In the rush to cover the constant waves of new music, we all too often neglect discussing the releases that leave the most substantial impressions in our lives. As such, we recently invited some bands and artists to wax poetic about an album that was deeply impactful or influential to them, either musically or personally.
The next guest in line to graciously offer a retrospective in this series is Duncan Evans, who creates dark folk/post-punk under his own name, and apocalyptic noise poetry (which we premiered here!) under the Moonlow moniker. He's a producer, an engineer, a writer at Ghost Cult and Alternative Control, and, lest it be forgot, has a twitter you should probably follow. Beyond these current projects, he was previously the guitarist for Forest Of Stars--so, all told, cred certified many times over, amiright? Without further ado: enjoy this retrospective!
Written by: Duncan Evans
This album was my first proper introduction to Nick Cave. It remains an incredibly important piece in the jigsaw of my own development as an artist and as a human being. I also believe it is significant in a wider cultural sense.
Around the mid-2000s, Nick Cave had seemingly grown tired of producing records with the expanded 8-piece lineup of The Bad Seeds: “It felt like every time I took a song into the Bad Seeds, everyone piled in on it. In the Bad Seeds, you play a song, and everyone's grabbing a fuckin' maraca, y'know?" In response, Cave and three Bad Seeds members (Warren Ellis, Martin P. Casey, Jim Sclavunos) formed Grinderman. At the same time, I was growing weary of the virtuoso prog rock I had been listening to. I had listened to a few of Cave’s songs and I had meant to properly explore his work for a while. I remember reading about Grinderman in the music press just before its release, and I thought this was probably as good a place as any to start. I ordered a copy and, strangely, two of them landed on the doormat a week later. Hearing this record on its release in 2007 was something of a Damascene moment for me. It opened up doors which remain unclosed. What follows is an explanation of how this album impacted me so deeply, and why I think it matters in wider terms.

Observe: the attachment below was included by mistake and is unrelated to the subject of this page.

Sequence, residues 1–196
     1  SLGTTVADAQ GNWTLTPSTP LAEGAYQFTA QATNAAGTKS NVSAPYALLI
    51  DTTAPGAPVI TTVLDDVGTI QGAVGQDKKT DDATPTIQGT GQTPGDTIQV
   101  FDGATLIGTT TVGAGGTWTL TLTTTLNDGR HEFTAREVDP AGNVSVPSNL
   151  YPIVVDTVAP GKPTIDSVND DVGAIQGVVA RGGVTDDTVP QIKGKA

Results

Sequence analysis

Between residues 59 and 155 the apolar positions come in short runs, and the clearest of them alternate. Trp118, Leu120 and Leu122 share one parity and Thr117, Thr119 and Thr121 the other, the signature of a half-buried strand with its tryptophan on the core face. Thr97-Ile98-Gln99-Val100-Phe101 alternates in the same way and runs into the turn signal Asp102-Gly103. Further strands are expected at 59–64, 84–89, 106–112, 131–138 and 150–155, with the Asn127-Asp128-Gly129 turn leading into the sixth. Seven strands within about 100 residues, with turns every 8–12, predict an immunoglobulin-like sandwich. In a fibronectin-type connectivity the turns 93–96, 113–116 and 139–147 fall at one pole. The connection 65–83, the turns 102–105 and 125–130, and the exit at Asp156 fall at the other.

Written by: Blackie Skulless
I’m gonna be honest, I didn’t even realize that Mike Tramp had such a big catalog of solo albums until I stumbled upon his newest, Second Time Around. For those unaware, he was famous for fronting the Danish/American glam metal band White Lion in the ‘80s, before later forming Freak Of Nature, and eventually going solo. The focus has certainly shifted since then, regarding energy. Singers going solo like this can pretty much be hit or miss.
Different doesn’t mean bad, though. Second Time Around is very AOR driven, aiming itself towards songs that are more tame in nature and come from a singer/songwriter life perspective. A lot of this is built around summer-related themes, particularly the fun of highways and driving. Though that obviously leaves room for plenty of cheese, the lyrics have strength in poetic flow. This is usually what I would expect from older artists that once fronted bigger heavy metal acts.
In the rush to cover the constant waves of new music, we all too often neglect discussing the releases that leave the most substantial impressions in our lives. As such, we recently invited some bands and artists to wax poetic about a band or album that was deeply impactful or influential to them, either musically or personally. The fifth in our series of guest reviews is brought to us by the multi-talented Sarah Allen Reed of (I quote) "Ophelia Drowning, Coma Roulette, The Forest At Night, and way too many other things to keep track of!" Sarah's assorted projects can be found at her official site.